A sermon delivered by Robert Browning, Pastor, Smoke Rise Baptist Church, Stone Mountain, Ga., on July 10, 2011.
One of the most memorable experiences Jesus had with his disciples occurred at Caesarea Philippi, a resort area where cool breezes blew in off the sea and down the mountains. Caesarea Philippi is twenty-five miles north of the Sea of Galilee, in all likelihood the northern most point Jesus traveled.
It was a fertile area, not only for agriculture, but also religion. Caesarea Philippi was home to fourteen temples, including the prominent Greek god, Pan and the emperor, Caesar. This busy place was always crowded with worshipers, offering sacrifices to their deities.
It was amid these lavish temples that Peter made his bold confession of faith to Jesus, “You are the Christ, the Son of the living God” Matthew 16:16. In response, Jesus changed Simon’s name to Peter, which means “rock,” indicating his confidence in him.
Immediately after this exchange, Jesus informed his disciples he was headed to Jerusalem where he would be rejected by many religious leaders, as other messengers of God had been, resulting in his crucifixion. Upon hearing this, Peter took Jesus aside and rebuked him. How ironic; the “Rock” quickly became a “stone of stumbling,” as Jesus pointed out to him. Immediately, he looked at Peter and the other disciples and said, “If anyone would come after me, he must deny himself, take up his cross and follow me. For whoever wants to save his life will lose it but whoever loses his life for me will find it” Matthew 16:24-25.
What is the message for us this morning as we gather around this sacred table? I think it has to do with self-denial and self-discipline. Saying no to some things and yes to others is a part of what it means to be a disciple. Figuring out what they are and doing it gets dicey, though. The world has one view of what we should let go of and what we should pursue; our faith has another.
As a follower of Christ, what do you need to say no to at this time in your life? Is it an addiction, a negative attitude, a critical spirit, an uncontrollable temper or the need to control? Is it feelings of jealousy, superiority or bitterness, a desire to seek revenge against someone who has hurt you, a fear which is controlling you or selfishness and greed?
As a rule of thumb, I counsel people to say no to anything that is harmful, undermines their commitments and promises, keeps them from achieving their potential or following where Jesus leads.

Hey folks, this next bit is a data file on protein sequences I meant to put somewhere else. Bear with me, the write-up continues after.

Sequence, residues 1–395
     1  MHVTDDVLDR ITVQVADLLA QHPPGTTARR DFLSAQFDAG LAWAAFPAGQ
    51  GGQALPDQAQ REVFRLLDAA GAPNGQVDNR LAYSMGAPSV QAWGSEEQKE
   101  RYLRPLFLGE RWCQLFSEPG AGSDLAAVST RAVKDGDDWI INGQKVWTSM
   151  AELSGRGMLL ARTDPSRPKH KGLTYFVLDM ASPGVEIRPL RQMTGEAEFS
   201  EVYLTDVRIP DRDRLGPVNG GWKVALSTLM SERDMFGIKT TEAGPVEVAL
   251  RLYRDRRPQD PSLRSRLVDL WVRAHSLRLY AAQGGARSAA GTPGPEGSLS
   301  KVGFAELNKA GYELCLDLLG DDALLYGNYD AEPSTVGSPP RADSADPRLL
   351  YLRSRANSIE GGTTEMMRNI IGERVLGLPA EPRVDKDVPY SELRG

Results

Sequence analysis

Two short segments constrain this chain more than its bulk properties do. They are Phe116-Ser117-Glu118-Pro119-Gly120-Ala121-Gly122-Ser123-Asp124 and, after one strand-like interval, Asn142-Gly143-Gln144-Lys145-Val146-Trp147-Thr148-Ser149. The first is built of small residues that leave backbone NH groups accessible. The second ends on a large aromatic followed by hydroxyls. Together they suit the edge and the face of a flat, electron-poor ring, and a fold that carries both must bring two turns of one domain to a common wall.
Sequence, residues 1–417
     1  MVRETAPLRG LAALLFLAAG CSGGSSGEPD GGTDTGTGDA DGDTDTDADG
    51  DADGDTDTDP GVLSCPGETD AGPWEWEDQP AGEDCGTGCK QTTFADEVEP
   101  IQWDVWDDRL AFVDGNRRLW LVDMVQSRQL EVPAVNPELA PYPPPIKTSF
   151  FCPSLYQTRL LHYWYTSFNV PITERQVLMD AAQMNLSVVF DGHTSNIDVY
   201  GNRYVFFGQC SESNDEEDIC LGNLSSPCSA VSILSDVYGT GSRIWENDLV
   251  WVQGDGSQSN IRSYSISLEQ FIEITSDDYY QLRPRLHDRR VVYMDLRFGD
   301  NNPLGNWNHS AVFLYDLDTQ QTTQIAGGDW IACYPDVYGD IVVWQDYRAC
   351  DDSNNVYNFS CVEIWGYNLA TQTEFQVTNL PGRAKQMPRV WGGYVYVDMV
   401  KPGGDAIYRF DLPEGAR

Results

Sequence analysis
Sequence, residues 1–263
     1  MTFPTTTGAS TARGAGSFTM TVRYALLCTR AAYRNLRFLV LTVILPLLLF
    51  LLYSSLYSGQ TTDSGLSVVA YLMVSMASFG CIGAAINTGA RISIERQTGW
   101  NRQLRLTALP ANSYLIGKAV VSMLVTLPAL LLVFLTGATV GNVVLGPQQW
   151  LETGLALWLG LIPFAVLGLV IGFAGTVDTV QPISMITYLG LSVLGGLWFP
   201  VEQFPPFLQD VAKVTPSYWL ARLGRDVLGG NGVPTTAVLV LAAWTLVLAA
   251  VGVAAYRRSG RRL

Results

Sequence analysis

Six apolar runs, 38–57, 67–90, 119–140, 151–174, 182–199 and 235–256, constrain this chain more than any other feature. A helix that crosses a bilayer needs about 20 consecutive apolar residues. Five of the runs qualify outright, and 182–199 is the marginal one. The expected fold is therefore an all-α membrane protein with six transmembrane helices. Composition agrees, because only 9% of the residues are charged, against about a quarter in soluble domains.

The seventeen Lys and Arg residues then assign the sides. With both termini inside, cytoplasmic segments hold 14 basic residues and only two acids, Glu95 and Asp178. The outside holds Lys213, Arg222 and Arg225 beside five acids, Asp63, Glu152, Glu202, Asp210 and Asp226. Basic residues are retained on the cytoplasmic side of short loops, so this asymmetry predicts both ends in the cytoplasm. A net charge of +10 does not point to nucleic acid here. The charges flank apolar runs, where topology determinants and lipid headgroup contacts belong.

What are those things for you today? What is bringing the worst out in you rather than the best? Are you willing to identify and deal with it?
On the other hand, what do you need to say yes to at this time in your life? What do you need to embrace which would help you to be more Christ-like, make you a better family member or neighbor and enable you to achieve your potential?
Do you need to be more tolerant, encouraging, patient, grateful, unselfish and forgiving? Do you need to build bridges of understanding and good will as opposed to walls of suspicion and hate? Do you need to be a better listener and walk in other’s shoes instead of judging them or deciding their fate? Do you need to find your prophetic voice? Do you need to be a faithful steward? Do you need to roll your sleeves up and get your hands dirty helping those around you who are struggling?
Whose help do you need to begin this process, for we all know this is not easy? Self-denial is not a part of our culture’s image of a good life and self-discipline requires a lot of hard work. Like Jesus, are you willing to ask for God’s help as well as others around you? If he needed an active prayer life and a traveling support group, how much more do we?
Likewise, who needs your help to be a faithful disciple? Who needs you to be a part of their support group, encouraging them along their journey of self-discovery and self-discipline?
I don’t believe Jesus would have issued this intimidating challenge had he not believed in the disciples or been willing to help them. Who needs you to believe in them, as well as your support?
I have a friend whose father played basketball years ago. While he loved the sport, he was not a star on the team or even a starter. One night during an extremely close and competitive game, the coach called to the end of the bench for my friend’s father. Thinking he was going into the game, this eager player ran to the coach on the sidelines.
“Do you want me to go in, coach?” he asked with great anticipation. “No, but I’ll tell you what I do want. I want you to go over there and get that megaphone and then head to the middle of our fans and start cheering. We are going to need the vocal support of our fans to win this game. They are not doing their part tonight, so go get them on their feet and into the game!”
Without batting an eye or showing a hint of disappointment, my friend’s father did what the coach asked him to do and his teammates won the game. In all likelihood, they would not have done so without him.
Who needs you to be their biggest cheerleader this week? Pick up a megaphone and start cheering.